Obama Calls on Blagojevich to Resign

President-elect Barack Obama is calling for Illinois Gov. Rod Blagojevich  to resign, after the Illinois governor's arrest on corruption charges caused an unwelcome home-state distraction during an intense transition period.

Obama spokesman Robert Gibbs said in an e-mail to FOX News Wednesday that Obama is siding with Lt. Gov. Pat Quinn and "many others" in calling for Blagojevich to step down.

"Under the current circumstances it is difficult for the governor to effectively do his job and serve the people of Illinois," Gibbs said.

He said Obama believes the Illinois General Assembly should "consider" calling for a special election to select a replacement for him in the U.S. Senate that "will have the trust and confidence of the people of Illinois."

Blagojevich was arrested Tuesday, accused of scheming to enrich himself by selling Obama's vacant Senate seat. The governor has authority to appoint Senate replacements.

Over the past two days since Blagojevich's arrest, Obama and his aides have largely refrained from commenting on the scandal. When he has spoken about the case, he's been cautious.

In brief comments to reporters Tuesday, Obama said, "Like the rest of the people of Illinois I am saddened and sobered by the news that came out of the U.S. attorney's office today," but he didn't go so far to condemn Blagojevich's alleged actions.

He did add about Blagojevich's process of considering a successor: "I had no contact with the governor or his office, and so I was not aware of what was happening."

In Chicago, U.S. Attorney Patrick Fitzgerald said Tuesday that prosecutors were making "no allegations" that Obama was aware of any scheming.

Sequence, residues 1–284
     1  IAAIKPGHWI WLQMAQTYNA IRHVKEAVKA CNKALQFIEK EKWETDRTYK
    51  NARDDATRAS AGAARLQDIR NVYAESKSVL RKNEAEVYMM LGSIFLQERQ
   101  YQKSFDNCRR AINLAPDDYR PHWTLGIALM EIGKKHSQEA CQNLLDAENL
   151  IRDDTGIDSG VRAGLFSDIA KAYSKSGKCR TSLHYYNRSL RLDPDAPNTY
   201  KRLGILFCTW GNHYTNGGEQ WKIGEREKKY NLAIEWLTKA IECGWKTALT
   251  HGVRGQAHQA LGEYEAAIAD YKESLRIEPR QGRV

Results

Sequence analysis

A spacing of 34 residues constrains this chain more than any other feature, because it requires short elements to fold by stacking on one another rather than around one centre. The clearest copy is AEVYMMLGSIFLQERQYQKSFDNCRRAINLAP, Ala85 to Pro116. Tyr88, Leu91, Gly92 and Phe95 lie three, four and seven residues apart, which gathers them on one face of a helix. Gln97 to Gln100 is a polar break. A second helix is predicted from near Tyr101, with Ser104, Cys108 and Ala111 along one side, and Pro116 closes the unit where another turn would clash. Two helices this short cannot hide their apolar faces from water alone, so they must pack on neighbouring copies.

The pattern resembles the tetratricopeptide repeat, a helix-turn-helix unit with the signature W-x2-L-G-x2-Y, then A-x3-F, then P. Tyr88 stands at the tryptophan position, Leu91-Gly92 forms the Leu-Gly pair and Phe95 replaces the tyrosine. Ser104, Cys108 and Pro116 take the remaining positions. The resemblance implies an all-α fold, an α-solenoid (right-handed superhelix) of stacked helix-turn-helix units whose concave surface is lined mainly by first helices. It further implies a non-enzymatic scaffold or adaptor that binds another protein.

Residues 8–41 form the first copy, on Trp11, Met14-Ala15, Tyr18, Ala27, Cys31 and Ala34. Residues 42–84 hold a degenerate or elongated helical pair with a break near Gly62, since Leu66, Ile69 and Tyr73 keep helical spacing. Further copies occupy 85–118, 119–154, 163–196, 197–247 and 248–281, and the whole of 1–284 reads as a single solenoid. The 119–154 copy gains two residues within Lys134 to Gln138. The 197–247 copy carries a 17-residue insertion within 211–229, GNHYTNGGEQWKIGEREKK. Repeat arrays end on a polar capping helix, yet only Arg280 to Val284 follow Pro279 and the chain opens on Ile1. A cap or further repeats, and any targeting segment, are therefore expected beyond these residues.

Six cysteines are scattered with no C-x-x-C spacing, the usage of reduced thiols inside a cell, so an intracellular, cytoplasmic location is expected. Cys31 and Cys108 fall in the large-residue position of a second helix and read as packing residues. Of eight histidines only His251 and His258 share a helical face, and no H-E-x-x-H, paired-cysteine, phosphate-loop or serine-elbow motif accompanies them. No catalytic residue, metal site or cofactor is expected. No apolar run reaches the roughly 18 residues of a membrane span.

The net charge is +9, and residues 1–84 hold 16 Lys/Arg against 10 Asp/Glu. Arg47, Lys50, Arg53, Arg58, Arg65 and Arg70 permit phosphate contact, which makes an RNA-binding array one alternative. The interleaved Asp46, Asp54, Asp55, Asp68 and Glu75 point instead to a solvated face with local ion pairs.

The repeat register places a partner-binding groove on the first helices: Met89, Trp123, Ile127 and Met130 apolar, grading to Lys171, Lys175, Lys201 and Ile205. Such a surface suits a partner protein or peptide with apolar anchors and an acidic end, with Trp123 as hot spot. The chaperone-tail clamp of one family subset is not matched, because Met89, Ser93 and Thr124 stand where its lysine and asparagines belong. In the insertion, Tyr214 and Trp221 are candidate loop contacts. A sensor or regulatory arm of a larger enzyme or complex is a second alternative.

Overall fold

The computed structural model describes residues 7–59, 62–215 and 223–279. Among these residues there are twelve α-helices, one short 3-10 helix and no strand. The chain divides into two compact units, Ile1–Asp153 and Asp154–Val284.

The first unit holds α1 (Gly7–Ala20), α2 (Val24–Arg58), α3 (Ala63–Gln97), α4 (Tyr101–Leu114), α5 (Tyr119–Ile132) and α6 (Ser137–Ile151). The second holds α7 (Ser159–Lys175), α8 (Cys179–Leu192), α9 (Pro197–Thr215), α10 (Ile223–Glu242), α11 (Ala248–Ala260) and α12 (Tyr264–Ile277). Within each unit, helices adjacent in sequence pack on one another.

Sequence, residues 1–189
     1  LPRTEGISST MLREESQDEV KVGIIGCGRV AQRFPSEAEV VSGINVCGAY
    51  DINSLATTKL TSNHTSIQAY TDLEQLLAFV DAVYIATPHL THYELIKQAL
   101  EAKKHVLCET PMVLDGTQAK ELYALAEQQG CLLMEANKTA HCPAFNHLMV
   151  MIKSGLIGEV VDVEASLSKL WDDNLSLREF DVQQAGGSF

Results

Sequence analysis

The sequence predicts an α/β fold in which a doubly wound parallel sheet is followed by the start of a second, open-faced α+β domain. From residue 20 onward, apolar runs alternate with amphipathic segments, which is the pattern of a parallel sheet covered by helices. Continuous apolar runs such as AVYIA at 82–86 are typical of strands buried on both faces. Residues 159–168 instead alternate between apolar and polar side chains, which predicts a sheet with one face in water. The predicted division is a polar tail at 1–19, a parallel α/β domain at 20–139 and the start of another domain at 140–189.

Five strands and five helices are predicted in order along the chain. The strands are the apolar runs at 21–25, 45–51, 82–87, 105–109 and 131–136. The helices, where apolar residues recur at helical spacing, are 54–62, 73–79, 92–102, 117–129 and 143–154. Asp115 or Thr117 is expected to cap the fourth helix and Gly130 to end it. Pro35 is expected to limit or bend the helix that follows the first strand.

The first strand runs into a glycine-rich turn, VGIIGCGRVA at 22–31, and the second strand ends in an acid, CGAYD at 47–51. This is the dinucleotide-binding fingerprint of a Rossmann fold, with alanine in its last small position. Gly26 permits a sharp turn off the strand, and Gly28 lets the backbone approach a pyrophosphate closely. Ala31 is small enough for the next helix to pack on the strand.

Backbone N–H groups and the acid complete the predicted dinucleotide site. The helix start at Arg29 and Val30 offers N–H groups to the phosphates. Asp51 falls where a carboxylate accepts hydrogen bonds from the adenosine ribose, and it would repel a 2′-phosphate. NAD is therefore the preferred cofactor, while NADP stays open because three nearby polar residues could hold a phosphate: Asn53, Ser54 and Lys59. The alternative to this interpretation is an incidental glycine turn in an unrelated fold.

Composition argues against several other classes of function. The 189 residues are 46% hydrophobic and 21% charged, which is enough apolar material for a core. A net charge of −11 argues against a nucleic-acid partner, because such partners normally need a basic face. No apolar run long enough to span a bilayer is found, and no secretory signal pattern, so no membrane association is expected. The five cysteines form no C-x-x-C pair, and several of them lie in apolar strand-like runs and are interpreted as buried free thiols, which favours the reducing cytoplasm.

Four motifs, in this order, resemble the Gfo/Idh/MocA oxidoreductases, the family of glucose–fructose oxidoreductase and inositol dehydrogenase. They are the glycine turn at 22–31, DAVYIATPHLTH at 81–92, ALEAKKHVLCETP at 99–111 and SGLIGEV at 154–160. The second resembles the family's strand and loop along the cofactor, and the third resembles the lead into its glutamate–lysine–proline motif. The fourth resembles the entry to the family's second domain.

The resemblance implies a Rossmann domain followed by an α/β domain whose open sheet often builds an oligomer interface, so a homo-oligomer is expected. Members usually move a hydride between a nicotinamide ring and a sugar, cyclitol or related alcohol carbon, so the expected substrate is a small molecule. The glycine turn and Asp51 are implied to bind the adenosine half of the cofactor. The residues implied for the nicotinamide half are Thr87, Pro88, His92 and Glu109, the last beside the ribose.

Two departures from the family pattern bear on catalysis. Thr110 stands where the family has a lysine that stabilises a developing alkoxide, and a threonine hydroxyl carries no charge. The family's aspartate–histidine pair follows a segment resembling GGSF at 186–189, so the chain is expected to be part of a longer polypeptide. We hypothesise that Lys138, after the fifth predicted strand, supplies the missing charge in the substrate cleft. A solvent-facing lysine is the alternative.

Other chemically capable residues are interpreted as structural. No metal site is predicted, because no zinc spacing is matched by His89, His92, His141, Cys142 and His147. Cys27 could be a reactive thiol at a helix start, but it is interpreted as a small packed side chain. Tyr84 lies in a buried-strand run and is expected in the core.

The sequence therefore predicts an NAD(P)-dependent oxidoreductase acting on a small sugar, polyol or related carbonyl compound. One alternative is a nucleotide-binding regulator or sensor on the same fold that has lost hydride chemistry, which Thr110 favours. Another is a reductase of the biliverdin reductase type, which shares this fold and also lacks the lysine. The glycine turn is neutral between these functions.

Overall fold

Obama reiterated his stance in an interview published in the Chicago Tribune and the Los Angeles Times on Wednesday. "I have not discussed the Senate seat with the governor at any time," he said.

But Obama wouldn't answer a question on whether he was aware of any conversations between the governor and his top aides, including incoming White House chief of staff Rahm Emanuel.

"It's an ongoing investigation," Obama said. "I think it would be inappropriate for me to ... remark on the situation beyond the facts that I know."

And, aides didn't say whether Emanuel, a Democratic Illinois congressman, was ever approached by the governor's emissaries involved in allegedly corrupt schemes.

A discrepancy did emerge between Obama's statements and one made by his top adviser David Axelrod. Axelrod told FOX News Chicago on Nov. 23: "I know he's talked to the governor, and there are a whole range of names, many of which have surfaced, and I think he has a fondness for a lot of them."

But Axelrod retracted the remark Tuesday, issuing a statement saying: "I was mistaken. ... They did not then or at any time discuss the subject."

The Associated Press contributed to this report.